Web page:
LA duties and the risk of radicalisation

March 23rd, 2016 by Jonathan Auburn

Does being at risk of radicalisation render a child “in need” for the purposes of section 17 of the Children Act 1989 thereby leading to section 20 accommodation, notwithstanding that the home environment is not the source of radicalisation? The answer according to the Court last week in A v LB Enfield [2016] EWHC 567 (Admin) was a resounding “yes”.

The case was an extreme one. The young person C had previously, at the age of 16, left home and, contrary to her family’s wishes, travelled to the Syrian border. That time she changed her mind at the 11th hour, contacted her family, was looked after by extended family in the region, and returned to the UK. She expressed a clear wish to live in an environment which followed very strict Islamic codes of behaviour, which her family did not provide. The next summer she again travelled, against her parents’ wishes, to Egypt, Greece and Bulgaria. On her return to the UK she refused to live with her parents.

Enfield assessed her, noted “concerns around radicalisation”, but concluded she was not homeless as she could live with her parents who were not the source of the radicalisation and were wholly against it, and, as she was not homeless, she was not “in need” for the purposes of s.17 of the Children Act 1989. Enfield maintained that position up to and through the litigation.

Hayden J ruled that C was plainly “in need” for the purposes of s.17 due to her risk of radicalisation (or perhaps more accurately described, her risk of taking steps in furtherance of what may have by then have been an already radicalised state): “the risks arising to C by virtue of her views and belief structure and the concerns that she was within a spectrum of radicalisation, undoubtedly placed her securely within the contemplated reach of s.17”. It was difficult envisage any circumstances where issues of this kind arose that did not fall at very least within the ambit of s.17.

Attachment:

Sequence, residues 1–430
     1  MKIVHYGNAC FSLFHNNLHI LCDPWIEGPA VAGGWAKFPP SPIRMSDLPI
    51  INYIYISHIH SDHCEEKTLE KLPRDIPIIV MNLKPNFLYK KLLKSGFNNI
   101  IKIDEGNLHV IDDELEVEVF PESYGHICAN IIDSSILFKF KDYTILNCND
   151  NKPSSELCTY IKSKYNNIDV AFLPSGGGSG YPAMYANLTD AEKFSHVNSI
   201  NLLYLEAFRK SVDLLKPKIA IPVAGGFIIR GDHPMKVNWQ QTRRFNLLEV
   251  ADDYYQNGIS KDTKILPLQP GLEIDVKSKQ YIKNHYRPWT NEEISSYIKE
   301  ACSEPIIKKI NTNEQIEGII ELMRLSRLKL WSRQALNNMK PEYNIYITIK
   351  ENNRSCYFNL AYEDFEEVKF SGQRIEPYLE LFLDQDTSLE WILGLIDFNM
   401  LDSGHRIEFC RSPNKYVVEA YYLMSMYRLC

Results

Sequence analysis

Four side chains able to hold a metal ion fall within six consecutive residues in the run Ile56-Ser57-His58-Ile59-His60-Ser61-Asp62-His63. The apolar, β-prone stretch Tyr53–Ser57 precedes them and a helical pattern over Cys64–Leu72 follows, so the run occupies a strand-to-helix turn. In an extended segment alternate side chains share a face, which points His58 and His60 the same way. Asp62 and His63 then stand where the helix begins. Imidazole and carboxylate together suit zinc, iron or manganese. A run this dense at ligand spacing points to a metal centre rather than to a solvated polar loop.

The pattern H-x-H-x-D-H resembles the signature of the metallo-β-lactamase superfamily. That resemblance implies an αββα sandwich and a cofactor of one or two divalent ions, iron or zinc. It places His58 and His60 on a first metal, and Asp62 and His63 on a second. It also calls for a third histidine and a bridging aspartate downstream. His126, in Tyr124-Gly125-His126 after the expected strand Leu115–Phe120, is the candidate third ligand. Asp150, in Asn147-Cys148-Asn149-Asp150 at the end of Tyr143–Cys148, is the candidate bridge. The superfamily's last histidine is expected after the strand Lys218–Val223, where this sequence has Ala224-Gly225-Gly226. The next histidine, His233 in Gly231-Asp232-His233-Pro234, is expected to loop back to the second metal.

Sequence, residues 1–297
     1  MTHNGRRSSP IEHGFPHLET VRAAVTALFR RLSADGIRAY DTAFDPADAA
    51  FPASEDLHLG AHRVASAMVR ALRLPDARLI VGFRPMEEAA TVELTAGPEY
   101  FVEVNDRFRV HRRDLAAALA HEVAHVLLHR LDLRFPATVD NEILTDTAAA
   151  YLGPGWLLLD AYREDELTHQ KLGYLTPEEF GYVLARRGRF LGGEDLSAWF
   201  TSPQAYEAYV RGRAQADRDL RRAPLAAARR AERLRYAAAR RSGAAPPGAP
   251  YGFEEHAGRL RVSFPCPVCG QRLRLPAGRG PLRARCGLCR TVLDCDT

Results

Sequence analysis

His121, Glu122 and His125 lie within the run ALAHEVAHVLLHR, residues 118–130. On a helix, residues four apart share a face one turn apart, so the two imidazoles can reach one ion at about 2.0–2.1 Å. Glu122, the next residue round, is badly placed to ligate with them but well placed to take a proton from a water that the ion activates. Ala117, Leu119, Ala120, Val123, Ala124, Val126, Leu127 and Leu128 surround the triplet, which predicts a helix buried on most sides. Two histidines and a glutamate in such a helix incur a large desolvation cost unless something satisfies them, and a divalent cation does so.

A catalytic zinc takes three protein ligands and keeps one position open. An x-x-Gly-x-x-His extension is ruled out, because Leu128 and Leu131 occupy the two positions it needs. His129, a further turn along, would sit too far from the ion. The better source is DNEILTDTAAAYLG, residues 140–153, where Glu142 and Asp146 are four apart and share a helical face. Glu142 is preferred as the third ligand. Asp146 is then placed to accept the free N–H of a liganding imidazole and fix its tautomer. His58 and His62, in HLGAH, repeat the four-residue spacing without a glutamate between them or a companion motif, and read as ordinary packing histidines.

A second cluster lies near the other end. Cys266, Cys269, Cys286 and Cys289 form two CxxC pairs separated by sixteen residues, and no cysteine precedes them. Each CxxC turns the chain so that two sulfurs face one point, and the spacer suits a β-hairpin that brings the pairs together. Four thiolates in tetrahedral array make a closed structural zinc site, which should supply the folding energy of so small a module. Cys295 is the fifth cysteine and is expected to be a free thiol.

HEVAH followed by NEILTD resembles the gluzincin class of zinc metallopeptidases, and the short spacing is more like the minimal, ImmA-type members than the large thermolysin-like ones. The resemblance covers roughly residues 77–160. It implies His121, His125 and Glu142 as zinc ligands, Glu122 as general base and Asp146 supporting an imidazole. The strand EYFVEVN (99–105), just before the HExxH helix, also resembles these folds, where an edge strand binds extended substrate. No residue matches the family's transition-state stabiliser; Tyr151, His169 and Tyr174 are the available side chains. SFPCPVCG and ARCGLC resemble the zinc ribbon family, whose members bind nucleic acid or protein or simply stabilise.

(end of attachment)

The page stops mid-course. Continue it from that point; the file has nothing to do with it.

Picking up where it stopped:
Hayden J described Enfield’s decision making as “fundamentally flawed” and “difficult to justify or defend”. He said the conclusion that, because she could live with her family and was not on that basis homeless, was too simplistic. Another way of describing the flaw is that Enfield omitted to take proper account of the effects of radicalisation on her welfare, irrespective of the availability of housing.

The wider point, which will be obvious to readers, is that it is plainly flawed to decide that, because a child is living, or can live, with her parents, then by virtue of that the child is not “in need” for the purposes of s.17. The logic is false because (though it was probably not the case here) the risks some children face arise from their home environment.

Hayden J also criticised Enfield’s delay in carrying out a structured assessment, which had only been undertaken in response to pre-action protocol correspondence. He said it was “strikingly clear” that Enfield “did not truly analyse C’s case at all” within s.17.


It is perhaps surprising the way this case developed. The issue is not a new one. The President of the Family Division, Sir James Munby, gave guidance six months ago on the subject: “Radicalisation cases in the Family Courts”. Radicalisation is now recognised as a ground for safeguarding and child protection in itself. A number of recent cases have involved action being taken on this basis, including pre-emptive action, e.g. Re X (Children) [2015] EWHC 2265 (Fam), Re Y (Children) (No 2) [2015] EWHC 2358 (Fam) and LB Tower Hamlets v M [2015] EWHC 869 (Fam).

The case is also notable for the separate issue of whether, if a local authority unlawfully refused to recognise a young person as being a child in need whilst they were under 18, and that error is recognised by the courts only after the child turns 18, the local authority can nonetheless still decline to comply with leaving care duties at that point. The argument was always a deeply unattractive one for local authorities. Enfield here, bravely, tried again to reargue the point. It failed.

Jonathan Auburn
twitter: @jon11kbw

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